The usual strategy for thesis work proceeds from statement to rationale to supporting evidence, with proof of the statement being the entire object. In superficial form this effort will include such
This cannot be approached in the realm of science and objectivity, but must be seen as personal and subjective, historical and mythological. The study of the spiritual potential of martial arts may be oriented within the context of rational and scientific study—however, the validity of the study, and the experience, must be a personal event.
Research gives order and structure, allowing this work to be approached and evaluated by several parameters of accuracy and validity. Mythology and experience will give heart to the project, and in fact provide motivation for its undertaking and completion. Relevance as well will come from the experiential aspect, for if it does not come from my heart and touch the reader’s heart, there can be no value in the time spent here.
There is a parallel danger within the practice of the art itself, for martial skills may be technically perfected without the realization of the human relationship that is its true value. The practice of Aikido as a spiritual path requires more than technique, order and structure—it requires practice from the heart, in the spirit of love and service. Separated from this, it may be no more than a superb system of body mechanics.
That aspect is, in fact, a legitimate expression of the martial arts. I have experienced and will attempt here to communicate the many approaches that can be found in the study of martial ways. Technical perfection and mechanically refined use of the body represent but
The latter and most elusive of these potential goals does not exist apart from or negate all else that the warrior’s craft may be. For this reason I do not attempt to focus on the spiritual alone. But rather on the total impact that martial training may have on an individual’s existence, for it is out of this impact and within the context of the total of the potential that spiritual benefit, if any, will accrue.
A single feat of martial skill and the lifetime achievements of a master can have many possible paradigmatic explanations; physical, mental and spiritual. Each can be valuable in the support offered to the individual rooted in that paradigm. None are valid to the exclusion of the others, for a measure of the validity of an activity such as the martial way is the universality to which such arts, in diverse form and application, may benefit individuals with a wide range of character and interest. I will have succeeded if I can demonstrate my thesis without alienating other practitioners and non-practitioners of the Way of the Warrior.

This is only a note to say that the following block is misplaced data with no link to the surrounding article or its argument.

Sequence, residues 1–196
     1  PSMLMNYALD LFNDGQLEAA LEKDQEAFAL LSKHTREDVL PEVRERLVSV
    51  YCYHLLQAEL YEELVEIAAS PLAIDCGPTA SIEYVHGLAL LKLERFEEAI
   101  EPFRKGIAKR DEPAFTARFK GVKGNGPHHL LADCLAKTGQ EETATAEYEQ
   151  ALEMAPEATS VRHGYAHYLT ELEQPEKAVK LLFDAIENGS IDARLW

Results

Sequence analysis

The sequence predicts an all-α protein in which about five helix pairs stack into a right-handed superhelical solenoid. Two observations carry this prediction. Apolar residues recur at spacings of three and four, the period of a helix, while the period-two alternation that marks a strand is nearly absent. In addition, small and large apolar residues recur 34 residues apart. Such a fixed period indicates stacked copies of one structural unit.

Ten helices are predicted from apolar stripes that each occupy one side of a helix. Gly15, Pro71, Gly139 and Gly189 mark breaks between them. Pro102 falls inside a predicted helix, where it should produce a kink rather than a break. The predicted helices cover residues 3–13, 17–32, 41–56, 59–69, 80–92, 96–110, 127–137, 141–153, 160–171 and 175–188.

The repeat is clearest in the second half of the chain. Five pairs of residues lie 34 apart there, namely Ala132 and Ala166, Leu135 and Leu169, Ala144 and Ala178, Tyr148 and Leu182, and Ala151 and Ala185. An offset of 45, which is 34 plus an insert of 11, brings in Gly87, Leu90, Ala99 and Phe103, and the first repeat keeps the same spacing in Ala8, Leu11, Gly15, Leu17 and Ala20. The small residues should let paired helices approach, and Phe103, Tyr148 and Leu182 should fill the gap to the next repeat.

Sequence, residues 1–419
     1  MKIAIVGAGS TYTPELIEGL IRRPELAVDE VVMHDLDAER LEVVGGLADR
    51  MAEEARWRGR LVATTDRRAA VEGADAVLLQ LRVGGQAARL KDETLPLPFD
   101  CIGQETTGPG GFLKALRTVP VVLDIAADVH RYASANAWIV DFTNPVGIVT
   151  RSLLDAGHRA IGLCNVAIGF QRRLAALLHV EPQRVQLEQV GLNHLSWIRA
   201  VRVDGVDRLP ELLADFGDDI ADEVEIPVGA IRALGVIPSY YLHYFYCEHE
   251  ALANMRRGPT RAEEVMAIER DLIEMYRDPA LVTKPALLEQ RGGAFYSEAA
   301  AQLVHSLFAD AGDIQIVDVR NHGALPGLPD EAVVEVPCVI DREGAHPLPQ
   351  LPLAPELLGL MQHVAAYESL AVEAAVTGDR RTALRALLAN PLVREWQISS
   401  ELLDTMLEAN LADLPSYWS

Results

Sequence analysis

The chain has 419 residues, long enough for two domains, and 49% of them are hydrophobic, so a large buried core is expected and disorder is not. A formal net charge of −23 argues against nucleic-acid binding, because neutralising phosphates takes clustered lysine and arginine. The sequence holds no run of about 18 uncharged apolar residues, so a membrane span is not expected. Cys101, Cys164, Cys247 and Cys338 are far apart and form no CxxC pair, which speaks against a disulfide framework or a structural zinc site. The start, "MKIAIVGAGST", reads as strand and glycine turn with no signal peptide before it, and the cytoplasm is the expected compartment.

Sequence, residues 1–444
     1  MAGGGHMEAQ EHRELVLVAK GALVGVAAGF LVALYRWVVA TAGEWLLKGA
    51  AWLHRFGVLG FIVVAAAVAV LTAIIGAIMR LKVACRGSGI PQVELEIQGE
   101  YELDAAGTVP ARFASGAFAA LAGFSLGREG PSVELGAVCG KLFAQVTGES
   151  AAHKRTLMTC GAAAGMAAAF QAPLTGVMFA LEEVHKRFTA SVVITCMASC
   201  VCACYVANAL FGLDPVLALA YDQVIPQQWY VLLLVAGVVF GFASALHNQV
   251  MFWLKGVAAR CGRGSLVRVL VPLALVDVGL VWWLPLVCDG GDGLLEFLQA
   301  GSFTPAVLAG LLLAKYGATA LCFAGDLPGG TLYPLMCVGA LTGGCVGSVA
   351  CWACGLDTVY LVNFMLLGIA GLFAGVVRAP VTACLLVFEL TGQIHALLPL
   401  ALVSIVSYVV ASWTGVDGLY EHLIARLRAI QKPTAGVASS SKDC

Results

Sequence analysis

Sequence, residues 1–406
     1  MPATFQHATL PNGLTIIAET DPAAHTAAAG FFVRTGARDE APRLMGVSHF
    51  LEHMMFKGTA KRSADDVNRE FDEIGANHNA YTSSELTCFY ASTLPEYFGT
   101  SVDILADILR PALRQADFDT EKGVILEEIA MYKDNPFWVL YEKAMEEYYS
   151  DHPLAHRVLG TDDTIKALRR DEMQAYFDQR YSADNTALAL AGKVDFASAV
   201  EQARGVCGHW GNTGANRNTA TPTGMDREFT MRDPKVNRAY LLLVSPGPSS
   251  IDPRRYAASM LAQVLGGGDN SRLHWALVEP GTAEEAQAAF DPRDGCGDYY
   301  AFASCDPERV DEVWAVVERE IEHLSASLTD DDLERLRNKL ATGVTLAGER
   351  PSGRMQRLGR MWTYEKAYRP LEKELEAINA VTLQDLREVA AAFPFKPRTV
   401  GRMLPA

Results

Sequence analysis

The pattern I have chosen in my attempt to do this is to move from the general to the specific, from the past to the present, and from the universal to the personal. Mythology itself is examined in the second chapter, establishing the heroic figure as actor and source of inspiration within the context of myth. The three sections contained within the third chapter establish the nature of the spiritual path, the expressions of that path within the martial traditions and the place of the art of Aikido within that context. There is an emphasis here on the general historical background of the traditions of the warrior and the martial artist. The specifics of the personal history of the founder of Aikido, Morihei Uyeshiba, are presented in Chapter Four, while the fifth chapter provides an analysis of the nature and possible influences of the spiritual traditions to which he was exposed in his lifetime.
Chapters Six and Seven look at the framework of ethics characteristic of the martial arts, through an analysis of the methods by which they are traditionally taught, and the unique form of training common to the study of Aikido today. Again, past and current history provide much background for the discussion of ethics and education.
The eighth chapter will attempt to illuminate the paradigmatic orientation peculiar to Aikido, and to relate it to both traditional and newly emerging paradigms in Western society. The current state of this relationship is discussed in Chapter Nine, with a focus on the organizational and institutional aspects of the art.
The final chapter and the epilogue focus on the role of spiritual mastery in our lives and the relevancy of Aikido to such attainments. Completing the development from myth, through history, the concluding pages present my own brief account of five years of study in the art.
(2) Yukio Mishima, Sun and Steel (New York: Grove Press, 1970)
(3) Ibid., pp. 8,9
(4) John Dominic Crossan, The Dark Interval (Niles, Illinois: Argus Communication, 1975), pp. 51-54